If you’re like me then someone in almost every WhatsApp group you’re in has reached out to you this week and asked “Should we be moving to Signal?” At initial glance, it feels as if we’re caught between the meme intersection of zero trust in Zuckerberg’s Facebook and slavish devotion to all things Musk. But what’s really going on here? Is it a big deal? And are there any lessons to learn.
Zack Dorfman in his Forbes article, provided the below image that compared the various messaging products and accurately identifies the situation:
“This isn’t about WhatsApp sharing any more of your general data with Facebook than it does already, this is about using your data and your engagement with its platform to enable shopping and other business services, to provide a platform where businesses can communicate with you and sell to you.”
For those of us in Europe, we are protected by the GDPR, so WhatsApp had never and still doesn’t share data with Facebook – it was a requirement of the EU regulators approving the purchase. For the rest of the world, the data sharing has already been happening, the facebook group just had to be more explicit about it as a result of Apple’s recent mandatory privacy labelling requirements and Facebook move to monetising WhatsApp. Apple’s decision to require privacy labelling dovetails with the global explosion in global data protection regulations. The people’s growing awareness of privacy and interest in how companies are using their data which is a trend we’ll no doubt see evolving throughout 2021.
Ok. On to the learnings.
The need for clear and understandable privacy notices
As people become more interested and aware in how their data is being used, the privacy notice will matter more and more. If it is easy to understand it will install more trust for new customers and reinforce it for old ones. If your company already has a trust issue with many users – like Facebook – then a dense privacy notice will merely serve to reinforce the mis-trust.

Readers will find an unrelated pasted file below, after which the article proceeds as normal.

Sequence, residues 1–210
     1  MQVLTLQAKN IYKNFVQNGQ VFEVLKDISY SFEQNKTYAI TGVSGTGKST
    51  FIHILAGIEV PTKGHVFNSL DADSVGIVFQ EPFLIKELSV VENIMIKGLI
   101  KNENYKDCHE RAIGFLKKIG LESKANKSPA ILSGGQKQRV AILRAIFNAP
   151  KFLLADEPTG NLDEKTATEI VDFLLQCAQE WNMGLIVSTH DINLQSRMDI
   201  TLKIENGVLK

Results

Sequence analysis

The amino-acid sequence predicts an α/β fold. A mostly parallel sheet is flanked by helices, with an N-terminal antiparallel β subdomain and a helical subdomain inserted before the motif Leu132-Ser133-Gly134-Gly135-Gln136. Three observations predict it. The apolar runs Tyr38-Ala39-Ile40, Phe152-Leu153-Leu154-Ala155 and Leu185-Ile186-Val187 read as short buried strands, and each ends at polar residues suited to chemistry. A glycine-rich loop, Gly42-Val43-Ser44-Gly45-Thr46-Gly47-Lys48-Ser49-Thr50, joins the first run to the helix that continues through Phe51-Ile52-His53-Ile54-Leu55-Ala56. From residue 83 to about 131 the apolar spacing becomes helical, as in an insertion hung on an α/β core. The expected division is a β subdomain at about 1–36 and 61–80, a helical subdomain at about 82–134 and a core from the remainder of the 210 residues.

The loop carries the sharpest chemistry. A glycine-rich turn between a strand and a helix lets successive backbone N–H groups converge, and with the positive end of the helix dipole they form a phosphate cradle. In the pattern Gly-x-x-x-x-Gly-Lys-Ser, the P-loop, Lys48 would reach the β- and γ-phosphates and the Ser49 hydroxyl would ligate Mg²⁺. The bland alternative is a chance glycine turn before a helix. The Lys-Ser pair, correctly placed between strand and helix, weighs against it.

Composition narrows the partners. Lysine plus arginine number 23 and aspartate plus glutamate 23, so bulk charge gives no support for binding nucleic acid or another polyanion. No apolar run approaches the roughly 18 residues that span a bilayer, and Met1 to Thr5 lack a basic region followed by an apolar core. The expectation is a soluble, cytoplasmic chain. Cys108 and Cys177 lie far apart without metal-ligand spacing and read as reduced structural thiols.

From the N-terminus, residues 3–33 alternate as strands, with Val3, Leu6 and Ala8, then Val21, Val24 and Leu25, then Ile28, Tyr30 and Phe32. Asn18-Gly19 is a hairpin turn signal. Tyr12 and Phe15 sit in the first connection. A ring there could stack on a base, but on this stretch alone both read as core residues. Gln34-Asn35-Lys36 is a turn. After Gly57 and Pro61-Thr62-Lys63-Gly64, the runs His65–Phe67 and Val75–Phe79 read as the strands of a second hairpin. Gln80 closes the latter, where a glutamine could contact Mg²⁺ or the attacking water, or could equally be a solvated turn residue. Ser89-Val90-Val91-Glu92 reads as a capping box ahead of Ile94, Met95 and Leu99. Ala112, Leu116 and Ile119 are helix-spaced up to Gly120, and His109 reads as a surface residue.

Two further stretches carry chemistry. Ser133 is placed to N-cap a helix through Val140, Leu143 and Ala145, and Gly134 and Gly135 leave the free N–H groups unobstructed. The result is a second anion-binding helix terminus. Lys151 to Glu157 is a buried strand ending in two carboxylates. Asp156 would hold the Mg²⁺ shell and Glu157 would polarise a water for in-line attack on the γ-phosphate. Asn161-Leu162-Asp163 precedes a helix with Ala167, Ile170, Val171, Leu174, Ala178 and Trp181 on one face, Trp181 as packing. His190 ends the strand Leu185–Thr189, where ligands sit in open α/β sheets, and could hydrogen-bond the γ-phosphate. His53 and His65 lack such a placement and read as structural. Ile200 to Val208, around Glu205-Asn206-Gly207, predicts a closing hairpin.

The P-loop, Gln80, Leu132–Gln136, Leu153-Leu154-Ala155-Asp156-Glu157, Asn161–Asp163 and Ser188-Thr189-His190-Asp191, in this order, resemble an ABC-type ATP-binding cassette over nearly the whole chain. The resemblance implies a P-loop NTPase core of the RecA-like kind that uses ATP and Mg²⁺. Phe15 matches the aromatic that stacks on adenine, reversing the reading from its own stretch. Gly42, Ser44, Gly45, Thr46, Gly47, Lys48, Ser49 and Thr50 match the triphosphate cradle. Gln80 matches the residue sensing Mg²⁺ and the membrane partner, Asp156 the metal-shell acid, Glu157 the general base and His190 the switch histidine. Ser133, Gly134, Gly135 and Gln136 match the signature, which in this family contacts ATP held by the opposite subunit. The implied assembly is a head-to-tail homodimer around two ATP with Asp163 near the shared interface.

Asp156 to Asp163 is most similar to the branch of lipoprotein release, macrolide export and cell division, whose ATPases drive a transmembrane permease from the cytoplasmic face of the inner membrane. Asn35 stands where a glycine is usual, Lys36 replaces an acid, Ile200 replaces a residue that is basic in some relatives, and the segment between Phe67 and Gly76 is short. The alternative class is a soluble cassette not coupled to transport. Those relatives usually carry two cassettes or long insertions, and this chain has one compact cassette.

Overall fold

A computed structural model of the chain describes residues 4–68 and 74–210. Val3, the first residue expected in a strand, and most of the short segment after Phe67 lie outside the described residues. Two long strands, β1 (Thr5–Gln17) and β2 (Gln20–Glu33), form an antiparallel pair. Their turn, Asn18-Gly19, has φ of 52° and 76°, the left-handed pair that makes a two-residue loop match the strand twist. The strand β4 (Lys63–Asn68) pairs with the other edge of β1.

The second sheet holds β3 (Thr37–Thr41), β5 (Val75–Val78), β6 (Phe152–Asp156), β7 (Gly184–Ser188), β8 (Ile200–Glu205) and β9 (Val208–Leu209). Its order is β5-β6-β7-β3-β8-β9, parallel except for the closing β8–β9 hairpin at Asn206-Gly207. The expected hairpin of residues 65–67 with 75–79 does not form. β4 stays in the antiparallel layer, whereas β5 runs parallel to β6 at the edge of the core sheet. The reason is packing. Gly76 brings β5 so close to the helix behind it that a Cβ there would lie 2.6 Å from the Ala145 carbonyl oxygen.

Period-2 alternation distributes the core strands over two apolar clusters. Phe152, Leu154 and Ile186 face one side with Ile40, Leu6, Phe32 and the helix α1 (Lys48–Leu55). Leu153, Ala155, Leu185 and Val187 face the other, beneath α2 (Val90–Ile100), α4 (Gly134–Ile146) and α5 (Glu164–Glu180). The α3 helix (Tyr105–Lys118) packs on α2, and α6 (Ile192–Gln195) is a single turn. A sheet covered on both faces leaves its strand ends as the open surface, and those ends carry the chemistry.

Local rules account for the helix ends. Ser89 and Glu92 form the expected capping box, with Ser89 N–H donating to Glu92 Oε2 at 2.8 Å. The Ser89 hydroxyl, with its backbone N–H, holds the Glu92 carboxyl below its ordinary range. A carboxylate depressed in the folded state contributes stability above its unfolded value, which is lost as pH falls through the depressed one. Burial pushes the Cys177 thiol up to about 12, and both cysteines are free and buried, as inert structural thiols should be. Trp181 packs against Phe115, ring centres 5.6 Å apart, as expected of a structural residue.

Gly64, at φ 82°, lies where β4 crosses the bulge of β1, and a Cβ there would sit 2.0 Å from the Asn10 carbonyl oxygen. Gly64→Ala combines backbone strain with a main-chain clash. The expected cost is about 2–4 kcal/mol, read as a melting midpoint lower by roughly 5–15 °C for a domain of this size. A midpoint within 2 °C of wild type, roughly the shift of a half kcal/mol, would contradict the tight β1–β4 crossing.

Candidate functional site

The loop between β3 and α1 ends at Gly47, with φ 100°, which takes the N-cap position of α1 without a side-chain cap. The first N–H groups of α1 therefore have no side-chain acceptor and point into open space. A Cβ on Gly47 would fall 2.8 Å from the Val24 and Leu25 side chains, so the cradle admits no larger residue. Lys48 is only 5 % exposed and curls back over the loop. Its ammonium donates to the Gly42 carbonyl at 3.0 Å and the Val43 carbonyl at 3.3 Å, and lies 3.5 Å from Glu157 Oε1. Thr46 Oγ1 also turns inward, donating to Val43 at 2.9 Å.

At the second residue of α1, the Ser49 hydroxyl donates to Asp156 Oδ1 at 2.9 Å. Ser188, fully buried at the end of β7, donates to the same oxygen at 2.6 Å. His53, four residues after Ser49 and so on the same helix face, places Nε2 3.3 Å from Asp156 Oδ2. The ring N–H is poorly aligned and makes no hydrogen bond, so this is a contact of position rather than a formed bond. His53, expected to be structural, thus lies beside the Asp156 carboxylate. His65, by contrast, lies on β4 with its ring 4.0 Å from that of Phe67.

The privacy notice offers transparency it is a window into a companies practices. Which brings me to the next learning.
Data protection and Privacy by Design matters
There is an inherent tension between commercialisation and providing data security to a user base. Commercialisation by its very nature often requires access to various sorts of personal data in order to be able to deliver the contracted service. To address this tension, the GDPR requires data protection impact assessments be undertaken to ensure that processing undertaken by a company to provide it’s commercial service is done in a way that provides people with clarity over how their data is being used as well as the ability exercise their rights in relation to their data.
When WhatsApp released it’s new privacy notice it was actually acting in correctly – it just blew up in their face because of the lack of trust people have in Facebook. When Facebook purchase WhatsApp it was a private messaging platform. Facebook always intended to monetise WhatsApp and is now doing so by offering it to businesses as a customer service channel. For this to work, the businesses using it as a channel will have to store logs of these WhatsApp chats on their servers, so they have records of these customer service communications. WhatsApp rightly need to disclose this. The problem arose from the product being designed for secure communications and now being changed to being used for business communications.
Facebook’s lack of trust and transparency about data sharing coupled with opaque communications created this crisis. The forced privacy notice update coming quickly on the heels of Apple’s mandatory privacy labels which highlighted how much data WhatsApp was already sharing with Facebook further fed the fire.
So the takeaways?
- How understandable is your privacy notice? If you can’t answer that question – it’s not understandable enough. Transparency and clear understandable communication on how you’re using individual’s data is a core business requirement.
- Treat the personal data you hold as something borrowed from your customers. It’s a precious commodity that you must protect – it’s expected nowadays. So do impact assessments – and when you consider the sections in the impact assessments on purposes, legal basis and ensuring data subject rights – think about how you’re going to communicate these to the people who are being impacted.
GDPR365 offers an all-in-one solution highly affordable. Starting at £45/month, a license will include all features from data mapping to data breach management but also DPIA (Data Protection Impact Assessment) and Data Subject Access Request (DSAR). Click now on the button below to book a demo and see our software can speed up your compliance.